Since the Vatican the journey of Pope Benedict XVI. to Germany, there was speculation about a possible meeting with abuse victims. Under utmost discretion it took place now – before not announced -. After a long day, the pope met the three men and two women in Erfurt on Friday evening.
The place for the meeting was well chosen: The Erfurt seminary is widely cordoned off, because here the pope stays overnight – and here he met with the group of victims who had been sexually abused by priests and church employees.
Following the statement subsequently released by the Vatican, Benedict XVI expressed his. "moved and shaken" by the plight of the victims of abuse. He had expressed his "deepest sympathy and regret" for all that had been done to them and their families. In addition, he had ared that those responsible in the church were concerned with the processing of all abuse crimes. They sought to "promote effective measures to protect children and young people".
With this, the Pope continued a series of encounters in Erfurt that began three years ago in the USA. In April 2008, a secret meeting with victims took place at the nunciature in Washington. Three months later, at the World Youth Day in Sydney, the pope invited some victims to the early mass shortly before the return journey. The Vatican journalists were already on the bus to the airport.
There was another meeting in Malta in April of last year. There has also been sexual abuse by clergy in the state considered one of the most Catholic in the world.
Further north, in Germany and Ireland, the storm of indignation over outrages by priests had just reached its peak at that time.
How close Benedict XVI. such meetings go, was shown in September 2010 in London. Participants reported the pope had tears in his eyes as he apologized to those affected.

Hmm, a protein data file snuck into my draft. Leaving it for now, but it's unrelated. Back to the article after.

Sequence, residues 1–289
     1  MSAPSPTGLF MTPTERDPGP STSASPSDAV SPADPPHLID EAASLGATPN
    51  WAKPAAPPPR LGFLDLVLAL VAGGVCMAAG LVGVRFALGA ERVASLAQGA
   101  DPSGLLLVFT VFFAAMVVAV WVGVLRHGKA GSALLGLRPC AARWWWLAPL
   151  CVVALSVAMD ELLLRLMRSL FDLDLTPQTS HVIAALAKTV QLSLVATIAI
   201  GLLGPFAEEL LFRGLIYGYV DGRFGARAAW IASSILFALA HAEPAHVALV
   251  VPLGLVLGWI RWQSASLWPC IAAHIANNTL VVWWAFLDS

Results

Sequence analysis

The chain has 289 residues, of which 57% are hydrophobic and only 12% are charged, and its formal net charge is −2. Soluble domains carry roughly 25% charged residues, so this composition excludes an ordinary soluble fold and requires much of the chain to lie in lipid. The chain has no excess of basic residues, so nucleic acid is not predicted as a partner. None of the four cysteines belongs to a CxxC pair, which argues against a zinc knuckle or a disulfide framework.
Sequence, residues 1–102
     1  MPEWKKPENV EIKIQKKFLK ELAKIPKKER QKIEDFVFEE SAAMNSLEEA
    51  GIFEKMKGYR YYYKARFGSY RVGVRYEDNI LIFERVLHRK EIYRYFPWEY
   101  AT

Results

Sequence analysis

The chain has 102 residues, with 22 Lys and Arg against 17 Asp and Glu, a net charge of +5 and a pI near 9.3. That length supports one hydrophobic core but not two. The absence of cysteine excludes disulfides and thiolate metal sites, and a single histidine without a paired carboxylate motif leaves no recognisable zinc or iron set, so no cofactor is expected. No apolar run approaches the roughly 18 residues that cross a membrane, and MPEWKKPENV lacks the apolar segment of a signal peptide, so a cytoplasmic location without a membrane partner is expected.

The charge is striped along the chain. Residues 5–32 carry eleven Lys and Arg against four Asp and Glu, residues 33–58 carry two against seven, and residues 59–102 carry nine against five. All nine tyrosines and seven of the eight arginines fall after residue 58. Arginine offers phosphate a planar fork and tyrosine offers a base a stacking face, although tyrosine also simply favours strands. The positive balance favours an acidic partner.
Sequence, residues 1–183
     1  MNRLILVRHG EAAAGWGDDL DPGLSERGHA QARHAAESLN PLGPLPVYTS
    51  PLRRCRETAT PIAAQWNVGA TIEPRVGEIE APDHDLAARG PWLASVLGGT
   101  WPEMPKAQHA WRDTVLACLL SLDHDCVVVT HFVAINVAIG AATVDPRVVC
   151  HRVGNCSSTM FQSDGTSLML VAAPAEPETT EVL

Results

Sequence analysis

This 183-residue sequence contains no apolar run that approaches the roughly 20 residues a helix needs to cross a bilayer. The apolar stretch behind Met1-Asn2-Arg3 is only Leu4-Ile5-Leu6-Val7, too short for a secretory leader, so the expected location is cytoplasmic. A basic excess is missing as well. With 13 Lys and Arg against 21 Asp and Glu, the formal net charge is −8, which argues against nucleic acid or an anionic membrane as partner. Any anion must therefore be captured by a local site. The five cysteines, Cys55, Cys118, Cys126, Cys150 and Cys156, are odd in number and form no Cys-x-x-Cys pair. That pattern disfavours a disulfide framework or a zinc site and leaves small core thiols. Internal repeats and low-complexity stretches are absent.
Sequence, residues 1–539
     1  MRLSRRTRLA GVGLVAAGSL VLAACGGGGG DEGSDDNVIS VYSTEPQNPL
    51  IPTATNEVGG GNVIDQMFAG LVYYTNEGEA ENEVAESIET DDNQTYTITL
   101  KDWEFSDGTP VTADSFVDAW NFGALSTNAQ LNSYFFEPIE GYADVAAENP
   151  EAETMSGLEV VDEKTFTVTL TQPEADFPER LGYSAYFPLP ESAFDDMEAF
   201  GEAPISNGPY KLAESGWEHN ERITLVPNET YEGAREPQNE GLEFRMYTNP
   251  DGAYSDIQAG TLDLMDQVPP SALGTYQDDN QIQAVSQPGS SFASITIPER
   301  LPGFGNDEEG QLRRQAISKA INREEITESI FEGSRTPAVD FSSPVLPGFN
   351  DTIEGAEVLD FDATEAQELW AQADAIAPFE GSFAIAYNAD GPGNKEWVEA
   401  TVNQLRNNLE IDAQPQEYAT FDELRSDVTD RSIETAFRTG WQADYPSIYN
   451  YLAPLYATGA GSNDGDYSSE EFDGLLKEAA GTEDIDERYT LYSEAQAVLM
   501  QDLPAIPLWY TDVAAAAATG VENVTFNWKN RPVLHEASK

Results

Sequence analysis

In addition, the pope also sent messages during each of his trips. During his trip to the USA, he presented the threefold approach to abuse in the Church: zero tolerance, help for victims, prevention in priestly training and pastoral care. In Australia, for the first time as head, he said "sorry": "I am very sorry for the pain and suffering that the victims have endured." A small sentence, it was not in the speech script distributed in advance.
In Portugal in May 2010, he noted "that the greatest persecution of the Church" ultimately arises "from sin within the Church". On his way to the UK, he spoke almost casually about victims being entitled to material assistance.
Never before has Benedict XVI. criticized so drastically in their own ranks as on the subject of abuse. He received applause from many.
But there was also resentment: for example, from victims' representatives who expected something more from a meeting with the pope than a joint prayer. Vatican spokesman Federico Lombardi always stresses that the rather symbolic meetings are primarily about a "hint" in which direction the local church should go in dealing with the scandal. The coming weeks will show how this hint is taken by the church in Germany.